North Korea says it will sever hotlines with South Korea - KCNA
By Josh Smith and Sangmi Cha SEOUL (Reuters) - North Korea said on Tuesday it will sever hotlines with South Korea as the first step toward shutting down all contact with Seoul, state news agency KCNA reported. For several days, North Korea has lashed out at South Korea, threatening to close an inter-Korean liaison office and other projects if the South does not stop defectors from sending leaflets and other material into the North. Top government officials in North Korea, including leader Kim Jong Un's sister, Kim Yo Jong, and Kim Yong Chol, vice-chairman of the Central Committee of the ruling Workers' Party of Korea, determined 'that the work towards the South should thoroughly turn into the one against an enemy,' KCNA said.
By Josh Smith and Sangmi Cha
SEOUL (Reuters) - North Korea said on Tuesday it will sever hotlines with South Korea as the first step toward shutting down all contact with Seoul, state news agency KCNA reported.
For several days, North Korea has lashed out at South Korea, threatening to close an inter-Korean liaison office and other projects if the South does not stop defectors from sending leaflets and other material into the North.
Top government officials in North Korea, including leader Kim Jong Un's sister, Kim Yo Jong, and Kim Yong Chol, vice-chairman of the Central Committee of the ruling Workers' Party of Korea, determined "that the work towards the South should thoroughly turn into the one against an enemy," KCNA said.
As a first step, at noon on Tuesday, North Korea will close lines of communication at an inter-Korean liaison office, and hotlines between the two militaries and presidential offices, the report said.
On Tuesday morning, North Korean officials did not answer a routine daily call to the liaison office, nor calls on military hotlines, Yonhap news agency reported, citing the South Korean officials.
On Monday morning, North Korea did not answer the liaison phone call for the first time since 2018, though it later answered an afternoon call.
The decision to cut communications mark a setback in relations amid efforts to try and persuade North Korea to give up its nuclear weapons programme in exchange for relief on tough international sanctions. The two Koreas remain technically at war because the 1950-1953 Korean War ended with an armistice rather than a peace treaty.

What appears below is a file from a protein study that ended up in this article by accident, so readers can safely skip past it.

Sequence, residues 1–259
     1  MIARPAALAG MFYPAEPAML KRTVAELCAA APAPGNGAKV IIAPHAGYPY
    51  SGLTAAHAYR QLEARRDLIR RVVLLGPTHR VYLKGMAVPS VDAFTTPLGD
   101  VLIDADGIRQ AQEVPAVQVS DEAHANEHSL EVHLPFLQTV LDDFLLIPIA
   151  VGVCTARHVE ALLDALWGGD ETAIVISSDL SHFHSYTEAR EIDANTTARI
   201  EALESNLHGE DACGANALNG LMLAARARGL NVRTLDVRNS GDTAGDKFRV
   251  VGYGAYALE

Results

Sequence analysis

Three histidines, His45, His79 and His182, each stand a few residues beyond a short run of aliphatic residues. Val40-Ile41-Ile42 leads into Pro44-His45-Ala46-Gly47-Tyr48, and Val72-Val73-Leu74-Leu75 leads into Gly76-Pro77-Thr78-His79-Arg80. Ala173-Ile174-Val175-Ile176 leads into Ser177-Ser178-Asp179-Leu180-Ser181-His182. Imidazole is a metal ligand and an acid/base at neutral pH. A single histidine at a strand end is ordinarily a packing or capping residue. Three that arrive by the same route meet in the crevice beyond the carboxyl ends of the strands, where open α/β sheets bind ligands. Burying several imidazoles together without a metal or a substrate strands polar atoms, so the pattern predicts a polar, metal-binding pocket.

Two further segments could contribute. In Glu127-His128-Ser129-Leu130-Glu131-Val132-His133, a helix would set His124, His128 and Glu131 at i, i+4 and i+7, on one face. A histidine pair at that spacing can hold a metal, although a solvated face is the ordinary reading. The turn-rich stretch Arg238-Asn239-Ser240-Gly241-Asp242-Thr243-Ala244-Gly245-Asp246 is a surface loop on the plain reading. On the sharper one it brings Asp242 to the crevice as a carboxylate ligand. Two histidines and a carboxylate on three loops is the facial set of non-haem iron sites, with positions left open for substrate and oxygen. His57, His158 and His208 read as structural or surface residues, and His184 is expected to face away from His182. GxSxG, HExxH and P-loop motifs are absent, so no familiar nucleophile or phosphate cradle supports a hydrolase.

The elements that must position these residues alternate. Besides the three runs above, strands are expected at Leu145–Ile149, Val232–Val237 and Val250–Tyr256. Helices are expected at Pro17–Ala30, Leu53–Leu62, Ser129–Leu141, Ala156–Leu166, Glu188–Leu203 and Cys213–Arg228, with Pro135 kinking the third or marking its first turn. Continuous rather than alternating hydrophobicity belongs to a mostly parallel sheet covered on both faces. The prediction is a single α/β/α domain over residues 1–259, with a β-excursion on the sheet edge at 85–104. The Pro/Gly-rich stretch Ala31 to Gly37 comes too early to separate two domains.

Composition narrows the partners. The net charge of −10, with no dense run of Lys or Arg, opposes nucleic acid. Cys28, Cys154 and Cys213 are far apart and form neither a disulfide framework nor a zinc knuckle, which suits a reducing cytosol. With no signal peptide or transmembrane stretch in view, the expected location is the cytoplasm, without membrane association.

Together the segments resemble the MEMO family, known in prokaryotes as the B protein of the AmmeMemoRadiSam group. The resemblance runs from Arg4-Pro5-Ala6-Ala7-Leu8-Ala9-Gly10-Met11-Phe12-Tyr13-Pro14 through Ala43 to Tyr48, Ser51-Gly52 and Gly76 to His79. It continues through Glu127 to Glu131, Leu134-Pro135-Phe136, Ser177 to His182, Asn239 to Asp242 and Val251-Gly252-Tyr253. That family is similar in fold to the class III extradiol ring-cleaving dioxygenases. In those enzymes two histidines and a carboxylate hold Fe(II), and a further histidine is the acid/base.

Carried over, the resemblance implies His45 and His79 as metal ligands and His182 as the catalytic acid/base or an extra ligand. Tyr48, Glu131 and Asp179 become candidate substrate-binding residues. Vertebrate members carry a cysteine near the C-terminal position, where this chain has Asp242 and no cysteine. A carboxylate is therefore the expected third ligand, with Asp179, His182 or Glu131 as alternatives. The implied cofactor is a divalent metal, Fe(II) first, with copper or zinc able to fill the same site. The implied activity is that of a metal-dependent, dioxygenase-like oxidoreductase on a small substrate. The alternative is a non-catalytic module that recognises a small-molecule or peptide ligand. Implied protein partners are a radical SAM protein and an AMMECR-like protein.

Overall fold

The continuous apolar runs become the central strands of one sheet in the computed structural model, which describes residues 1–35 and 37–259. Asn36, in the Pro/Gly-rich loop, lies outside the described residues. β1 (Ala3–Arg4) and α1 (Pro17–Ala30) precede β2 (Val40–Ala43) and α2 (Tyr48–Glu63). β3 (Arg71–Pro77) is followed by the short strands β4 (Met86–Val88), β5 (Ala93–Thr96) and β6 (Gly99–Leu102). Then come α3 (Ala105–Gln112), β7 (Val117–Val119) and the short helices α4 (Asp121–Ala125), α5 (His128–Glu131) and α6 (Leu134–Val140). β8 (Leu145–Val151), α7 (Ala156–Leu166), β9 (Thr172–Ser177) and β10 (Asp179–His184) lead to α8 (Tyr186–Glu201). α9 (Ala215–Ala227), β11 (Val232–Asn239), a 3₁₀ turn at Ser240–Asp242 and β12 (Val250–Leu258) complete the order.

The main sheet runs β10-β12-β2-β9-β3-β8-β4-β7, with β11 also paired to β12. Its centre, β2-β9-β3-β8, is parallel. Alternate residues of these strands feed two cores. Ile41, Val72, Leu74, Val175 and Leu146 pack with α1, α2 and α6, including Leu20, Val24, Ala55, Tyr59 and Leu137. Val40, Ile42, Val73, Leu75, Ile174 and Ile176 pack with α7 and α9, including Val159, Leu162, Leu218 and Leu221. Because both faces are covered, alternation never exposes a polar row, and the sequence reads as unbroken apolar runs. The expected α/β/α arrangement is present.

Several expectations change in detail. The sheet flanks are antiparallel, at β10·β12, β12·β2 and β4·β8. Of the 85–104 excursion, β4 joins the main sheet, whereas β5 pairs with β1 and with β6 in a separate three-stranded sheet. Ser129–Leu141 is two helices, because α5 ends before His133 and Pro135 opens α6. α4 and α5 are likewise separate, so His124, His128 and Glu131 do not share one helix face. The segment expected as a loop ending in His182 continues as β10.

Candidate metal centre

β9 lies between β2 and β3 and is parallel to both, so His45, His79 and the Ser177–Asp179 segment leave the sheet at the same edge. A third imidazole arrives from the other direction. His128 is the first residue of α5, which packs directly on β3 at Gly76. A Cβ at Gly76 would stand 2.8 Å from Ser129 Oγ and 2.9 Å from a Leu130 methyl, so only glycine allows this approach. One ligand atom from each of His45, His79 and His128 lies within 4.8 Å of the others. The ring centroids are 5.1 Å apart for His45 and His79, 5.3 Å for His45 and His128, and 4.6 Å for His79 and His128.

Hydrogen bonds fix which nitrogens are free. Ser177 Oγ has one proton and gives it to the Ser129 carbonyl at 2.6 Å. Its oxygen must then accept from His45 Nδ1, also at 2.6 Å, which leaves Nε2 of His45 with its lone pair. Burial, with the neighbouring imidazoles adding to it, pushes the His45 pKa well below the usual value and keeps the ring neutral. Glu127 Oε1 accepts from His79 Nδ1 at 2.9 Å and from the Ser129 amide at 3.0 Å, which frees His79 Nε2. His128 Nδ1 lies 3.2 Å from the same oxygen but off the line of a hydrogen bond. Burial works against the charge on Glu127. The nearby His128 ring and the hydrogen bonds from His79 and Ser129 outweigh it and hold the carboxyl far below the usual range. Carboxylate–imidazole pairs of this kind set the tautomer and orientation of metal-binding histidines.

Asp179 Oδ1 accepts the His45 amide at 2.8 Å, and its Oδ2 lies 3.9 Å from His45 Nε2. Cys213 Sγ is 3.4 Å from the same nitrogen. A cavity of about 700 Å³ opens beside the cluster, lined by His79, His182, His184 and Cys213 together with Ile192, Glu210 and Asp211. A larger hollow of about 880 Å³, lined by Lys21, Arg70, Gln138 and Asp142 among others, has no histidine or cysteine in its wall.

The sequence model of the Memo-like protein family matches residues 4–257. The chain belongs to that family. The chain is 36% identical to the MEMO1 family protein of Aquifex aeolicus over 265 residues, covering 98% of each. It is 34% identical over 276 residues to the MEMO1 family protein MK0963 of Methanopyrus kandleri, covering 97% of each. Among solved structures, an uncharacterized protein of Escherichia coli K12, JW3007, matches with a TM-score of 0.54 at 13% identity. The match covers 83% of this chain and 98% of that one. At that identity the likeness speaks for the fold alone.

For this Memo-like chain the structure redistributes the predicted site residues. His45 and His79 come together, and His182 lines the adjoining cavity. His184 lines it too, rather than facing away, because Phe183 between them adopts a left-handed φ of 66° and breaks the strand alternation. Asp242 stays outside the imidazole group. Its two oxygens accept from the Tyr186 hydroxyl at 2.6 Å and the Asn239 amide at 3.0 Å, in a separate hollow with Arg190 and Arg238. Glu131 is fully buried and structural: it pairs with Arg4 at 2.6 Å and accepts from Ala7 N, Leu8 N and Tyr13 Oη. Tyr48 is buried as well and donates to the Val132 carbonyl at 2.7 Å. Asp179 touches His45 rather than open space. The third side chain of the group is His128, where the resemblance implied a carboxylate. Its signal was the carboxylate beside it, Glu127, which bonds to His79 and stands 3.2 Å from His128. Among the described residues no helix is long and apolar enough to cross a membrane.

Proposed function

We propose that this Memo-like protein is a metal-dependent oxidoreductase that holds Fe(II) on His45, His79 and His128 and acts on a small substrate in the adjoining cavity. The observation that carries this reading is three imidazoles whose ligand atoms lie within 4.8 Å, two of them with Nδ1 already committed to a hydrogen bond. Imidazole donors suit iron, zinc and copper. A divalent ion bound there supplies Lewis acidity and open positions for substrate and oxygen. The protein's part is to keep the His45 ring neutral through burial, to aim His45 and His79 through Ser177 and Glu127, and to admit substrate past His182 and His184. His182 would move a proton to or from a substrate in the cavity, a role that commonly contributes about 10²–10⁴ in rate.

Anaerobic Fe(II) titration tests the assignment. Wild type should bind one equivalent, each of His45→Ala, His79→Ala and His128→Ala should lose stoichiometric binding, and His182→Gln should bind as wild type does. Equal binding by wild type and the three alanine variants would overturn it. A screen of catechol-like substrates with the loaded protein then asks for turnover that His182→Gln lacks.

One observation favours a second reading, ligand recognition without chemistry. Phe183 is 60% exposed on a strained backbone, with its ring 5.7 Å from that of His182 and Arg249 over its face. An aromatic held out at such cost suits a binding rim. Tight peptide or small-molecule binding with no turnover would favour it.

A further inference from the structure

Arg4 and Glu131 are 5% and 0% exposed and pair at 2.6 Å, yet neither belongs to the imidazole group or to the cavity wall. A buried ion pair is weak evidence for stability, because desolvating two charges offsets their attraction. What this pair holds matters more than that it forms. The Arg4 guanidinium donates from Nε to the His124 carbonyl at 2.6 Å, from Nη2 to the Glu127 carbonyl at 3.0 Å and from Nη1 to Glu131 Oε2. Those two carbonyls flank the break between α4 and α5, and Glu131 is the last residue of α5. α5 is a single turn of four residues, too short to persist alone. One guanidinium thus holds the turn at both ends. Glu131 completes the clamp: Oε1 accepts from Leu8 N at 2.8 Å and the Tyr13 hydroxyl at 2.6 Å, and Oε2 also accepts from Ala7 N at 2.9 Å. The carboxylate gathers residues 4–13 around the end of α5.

Shares of South Korea's defence firms surged after North Korea announced it would sever the hotlines.
Analysts said the move is likely about more than the defectors, as North Korea is under increasing economic pressure as the coronavirus crisis and international sanctions take their toll.
"North Korea is in a much more dire situation then we think," said Choo Jae-woo, a professor at Kyung Hee University "I think they are trying to squeeze something out of the South."
Cutting communications is "a well-worn play for Pyongyang," but one that can be dangerous, Daniel Wertz, of the U.S.-based National Committee on North Korea, said on Twitter.
"Regular communication channels are needed most during a crisis, and for that reason North Korea cuts them off to create an atmosphere of heightened risk," he said.
The people of North Korea have "been angered by the treacherous and cunning behavior of the South Korean authorities, with whom we still have lots of accounts to settle," KCNA said.
The report accused South Korean authorities of irresponsibly allowing defectors to hurt the dignity of North Korea's supreme leadership.
"We have reached a conclusion that there is no need to sit face to face with the South Korean authorities and there is no issue to discuss with them, as they have only aroused our dismay," KCNA said.
(Reporting by Josh Smith and Sangmi Cha; Editing by Chris Reese, Grant McCool, Lincoln Feast and Gerry Doyle)
This story has not been edited by Firstpost staff and is generated by auto-feed.
U.S. home sales fall as tight supply boosts prices | Reuters
France, Germany to agree to NATO role against Islamic State - sources | Reuters
By Robin Emmott and John Irish | BRUSSELS/PARIS BRUSSELS/PARIS France and Germany will agree to a U.S. plan for NATO to take a bigger role in the fight against Islamic militants at a meeting with President Donald Trump on Thursday, but insist the move is purely symbolic, four senior European diplomats said.The decision to allow the North Atlantic Treaty Organization to join the coalition against Islamic State in Syria and Iraq follows weeks of pressure on the two allies, who are wary of NATO confronting Russia in Syria and of alienating Arab countries who see NATO as pushing a pro-Western agenda."NATO as an institution will join the coalition," said one senior diplomat involved in the discussions. "The question is whether this just a symbolic gesture to the United States
China's Xi says navy should become world class | Reuters
BEIJING Chinese President Xi Jinping on Wednesday called for greater efforts to make the country's navy a world class one, strong in operations on, below and above the surface, as it steps up its ability to project power far from its shores.China's navy has taken an increasingly prominent role in recent months, with a rising star admiral taking command, its first aircraft carrier sailing around self-ruled Taiwan and a new aircraft carrier launched last month.With President Donald Trump promising a US shipbuilding spree and unnerving Beijing with his unpredictable approach on hot button issues including Taiwan and the South and East China Seas, China is pushing to narrow the gap with the U.S. Navy.Inspecting navy headquarters, Xi said the navy should "aim for the top ranks in the world", the Defence Ministry said in a statement about his visit."Building a strong and modern navy is an important mark of a top ranking global military," the ministry paraphrased Xi as saying.